Also known as the 'Hen of the Woods' Maitake has been enjoyed traditionally for 1000's of years. And get this, in Japan some people call it 'The Dancing Mushroom' because people would dance with joy when they found one in the forest. Do a little dance because you've found it here?
Maitake Extract is rich in minerals, vitamins, amino acids and polysaccharides and has been used for 1000's of years to boost the immune system in a number of different ways.
ENRICHD SUPERFOODS Maitake Extract Powder is derived from the fruiting body and is what's known as SEMI-WILD - It's grown on the right wood in pristine conditions. This makes this Maitake more reliable, potent and superior to others (our Maitake is not grown on oats).
HOW TO ENJOY MAITAKE:
Add up to 1 teaspoon of this beautiful mushroom to hot water or your smoothie, and enjoy! We also like to drink it in hot chocolate (cacao) or even add it to your coffee. Actually, you could even enjoy it on your favorite granola or porridge too...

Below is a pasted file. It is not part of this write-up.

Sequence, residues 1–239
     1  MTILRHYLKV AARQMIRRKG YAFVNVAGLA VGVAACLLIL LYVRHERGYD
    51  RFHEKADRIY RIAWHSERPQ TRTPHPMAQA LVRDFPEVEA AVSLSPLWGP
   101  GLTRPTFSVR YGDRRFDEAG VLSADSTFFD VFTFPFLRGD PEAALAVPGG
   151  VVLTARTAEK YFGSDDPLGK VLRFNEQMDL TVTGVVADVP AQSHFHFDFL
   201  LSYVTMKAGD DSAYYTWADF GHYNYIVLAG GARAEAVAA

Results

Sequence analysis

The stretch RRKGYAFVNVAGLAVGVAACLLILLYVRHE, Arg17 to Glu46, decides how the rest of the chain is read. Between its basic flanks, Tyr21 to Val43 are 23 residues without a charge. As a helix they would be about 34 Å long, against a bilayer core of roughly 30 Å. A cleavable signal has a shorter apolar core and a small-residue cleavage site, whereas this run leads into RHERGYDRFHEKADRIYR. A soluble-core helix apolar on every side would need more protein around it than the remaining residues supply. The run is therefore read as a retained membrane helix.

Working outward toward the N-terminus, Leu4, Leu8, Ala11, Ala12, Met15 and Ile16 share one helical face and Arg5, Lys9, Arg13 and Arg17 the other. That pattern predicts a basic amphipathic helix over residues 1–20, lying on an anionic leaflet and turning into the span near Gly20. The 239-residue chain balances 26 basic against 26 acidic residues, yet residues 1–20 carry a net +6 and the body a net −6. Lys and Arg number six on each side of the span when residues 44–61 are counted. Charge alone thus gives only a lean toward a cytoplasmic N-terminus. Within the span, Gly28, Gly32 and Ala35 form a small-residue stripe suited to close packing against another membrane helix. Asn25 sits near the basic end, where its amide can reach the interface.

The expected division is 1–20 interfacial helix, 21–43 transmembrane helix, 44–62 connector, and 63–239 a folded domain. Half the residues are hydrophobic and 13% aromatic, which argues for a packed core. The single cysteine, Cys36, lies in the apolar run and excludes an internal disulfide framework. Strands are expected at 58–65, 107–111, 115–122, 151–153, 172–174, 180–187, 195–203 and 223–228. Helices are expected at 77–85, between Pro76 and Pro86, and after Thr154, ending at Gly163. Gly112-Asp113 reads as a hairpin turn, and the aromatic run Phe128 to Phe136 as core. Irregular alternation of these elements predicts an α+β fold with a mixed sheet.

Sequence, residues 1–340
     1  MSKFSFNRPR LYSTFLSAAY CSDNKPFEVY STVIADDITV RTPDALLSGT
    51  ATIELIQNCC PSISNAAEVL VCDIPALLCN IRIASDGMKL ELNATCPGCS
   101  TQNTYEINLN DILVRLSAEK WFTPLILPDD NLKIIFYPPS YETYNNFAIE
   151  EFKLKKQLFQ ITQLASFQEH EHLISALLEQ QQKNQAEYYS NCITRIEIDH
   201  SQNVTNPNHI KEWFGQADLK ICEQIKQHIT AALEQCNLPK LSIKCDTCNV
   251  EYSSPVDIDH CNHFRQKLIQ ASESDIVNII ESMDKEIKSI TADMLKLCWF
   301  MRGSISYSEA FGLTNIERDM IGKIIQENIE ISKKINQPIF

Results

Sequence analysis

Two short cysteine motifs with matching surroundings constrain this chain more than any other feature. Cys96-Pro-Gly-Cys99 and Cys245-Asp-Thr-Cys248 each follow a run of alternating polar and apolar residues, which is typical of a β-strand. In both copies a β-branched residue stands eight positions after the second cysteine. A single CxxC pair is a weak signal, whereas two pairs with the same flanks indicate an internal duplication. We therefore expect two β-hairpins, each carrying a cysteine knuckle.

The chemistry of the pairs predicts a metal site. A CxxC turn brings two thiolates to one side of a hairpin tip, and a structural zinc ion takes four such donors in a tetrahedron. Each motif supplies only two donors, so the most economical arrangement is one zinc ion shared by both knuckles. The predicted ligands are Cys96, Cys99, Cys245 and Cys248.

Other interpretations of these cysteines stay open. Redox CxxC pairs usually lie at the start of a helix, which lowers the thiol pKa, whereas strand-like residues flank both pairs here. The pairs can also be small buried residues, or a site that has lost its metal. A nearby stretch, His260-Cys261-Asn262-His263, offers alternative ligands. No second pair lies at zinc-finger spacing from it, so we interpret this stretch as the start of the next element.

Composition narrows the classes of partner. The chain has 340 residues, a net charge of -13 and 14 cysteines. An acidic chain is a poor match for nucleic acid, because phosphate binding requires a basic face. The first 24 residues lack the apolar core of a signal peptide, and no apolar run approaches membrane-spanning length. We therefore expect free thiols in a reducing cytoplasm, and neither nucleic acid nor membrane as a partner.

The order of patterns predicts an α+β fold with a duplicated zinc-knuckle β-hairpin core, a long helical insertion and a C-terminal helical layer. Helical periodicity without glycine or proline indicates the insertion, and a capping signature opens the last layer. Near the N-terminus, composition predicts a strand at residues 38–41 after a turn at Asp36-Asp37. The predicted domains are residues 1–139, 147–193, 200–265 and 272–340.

THE REASON PEOPLE CHOOSE MAITAKE:
- To support the liver
- To support digestion
- To support micronutrient absorption
- Woody flavour
TRADITIONAL USE OF MAITAKE:
- Support the liver in dealing with chemical toxins
- Fighting stomach, blood and bone cell mutation.
- Blood pressure and blood lipid levels (risk factors in cardiovascular disease)
- Support digestion in the stomach and intestines
- To support the colon in absorbing micronutrients, especially copper and zinc.
TRADITIONAL CHINESE MEDICINE USE OF MAITAKE:
- Increase vitality
- Support the liver
- Help balance blood sugar levels
- Boost cellular health
Nanba H., Hamaguchi A., Kuroda H. “The Chemical Structure of an Antitumor Polysaccharide in Fruit Bodies of Grifola frondosa (Maitake)”, Chem. Pharm. Bull. 35 (3) 1987
Hishida I., Nanba H., Kuroda H., Antitumor Activity Exhibited by Orally Administered Extract from Fruit Body of Grifola frondosa (Maitake), Chem. Pharm Bull. 36 (5) 1988
Adachi K., Nanba H., Kuroda H., Potentiation of Host-Mediated Antitumor Activity in Mice by b-glucan obtained from Grifola frondosa (Maitake), Chem. Pharm Bull. 35 (1) 1987